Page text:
The Booman analyses Republican opposition to health care reform. A nugget:
The Republicans didn’t have a mainstream alternative on health care because Obama proposed a plan that, aside from the public option, was indistinguishable from what their ‘wonks’ came up with the last time Washington tried to reform our health system. Even when Obama agreed to drop the public option, no Republicans could be persuaded to vote for his bill. So, their opposition was purely political in nature, and grounded in their belief that granting subsidies to people to buy health care and expanding Medicaid will make the Democrats more popular and expand their permanent base.
Calling your own analysts’ plans ‘socialist’ and a ‘monstrosity’ is dishonest. And it strikes me as a real problem that the Republicans have poisoned their own base’s minds about the nature of the health care reforms. They can’t walk this back now and govern responsibly without being seen as sell-outs and commie-appeasers.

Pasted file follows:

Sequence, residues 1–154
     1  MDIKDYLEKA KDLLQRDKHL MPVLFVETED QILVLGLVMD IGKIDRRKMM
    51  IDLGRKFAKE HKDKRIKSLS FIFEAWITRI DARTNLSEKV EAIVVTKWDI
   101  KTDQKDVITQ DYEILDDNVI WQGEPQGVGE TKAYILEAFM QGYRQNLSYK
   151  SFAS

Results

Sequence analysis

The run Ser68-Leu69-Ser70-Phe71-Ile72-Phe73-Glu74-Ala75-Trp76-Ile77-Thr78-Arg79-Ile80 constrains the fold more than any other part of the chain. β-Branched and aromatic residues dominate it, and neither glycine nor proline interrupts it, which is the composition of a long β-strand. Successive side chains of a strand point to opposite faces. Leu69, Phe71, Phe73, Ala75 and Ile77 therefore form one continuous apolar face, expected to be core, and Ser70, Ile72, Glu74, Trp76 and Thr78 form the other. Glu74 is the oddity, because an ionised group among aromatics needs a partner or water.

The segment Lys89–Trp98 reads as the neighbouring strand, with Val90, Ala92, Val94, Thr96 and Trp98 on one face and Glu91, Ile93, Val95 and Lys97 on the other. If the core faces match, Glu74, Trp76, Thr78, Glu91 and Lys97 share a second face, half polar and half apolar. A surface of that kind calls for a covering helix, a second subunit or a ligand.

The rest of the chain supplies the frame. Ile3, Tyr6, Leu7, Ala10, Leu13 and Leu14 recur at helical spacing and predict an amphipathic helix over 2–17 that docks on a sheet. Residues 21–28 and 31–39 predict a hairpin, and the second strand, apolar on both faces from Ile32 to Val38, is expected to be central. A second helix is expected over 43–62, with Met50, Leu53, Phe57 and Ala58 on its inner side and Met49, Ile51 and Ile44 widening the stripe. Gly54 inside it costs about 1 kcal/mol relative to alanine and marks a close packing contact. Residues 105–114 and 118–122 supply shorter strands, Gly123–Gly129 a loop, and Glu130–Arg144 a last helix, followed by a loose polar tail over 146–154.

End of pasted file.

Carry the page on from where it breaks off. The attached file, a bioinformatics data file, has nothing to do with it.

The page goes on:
A quibble. I’m not sure that any party has a “permanent base.”
Sixty years ago, the South would have been considered part of the “permanent base” of the Democratic Party. The Democratic Party lost the South when it decided, over a period of about 20 years, that ending segregation was more important than appeasing its “permanent base.” It concluded, in a fitful, bumbling, inconsistent way, that trying to do the right thing (while doing many wrong things along the way) was more important than appeasing the base.
Lyndon Johnson knew that signing the Civil Rights and Voting Rights Acts would lose the South for the Democrats. He pushed the bills through and signed them anyway.
Aside: I am convinced that, were it not for the Viet Nam folly, Johnson would rank with Washington, Lincoln, and the two Roosevelts as a great president. Most tragic, for the dead and wounded, for the nation, and for him is that, as has recently come out, Johnson knew it was folly.”
Why did he do it?
Short answer: He feared the Republicans (there’s that word again) would campaign against him as “soft on Communism.”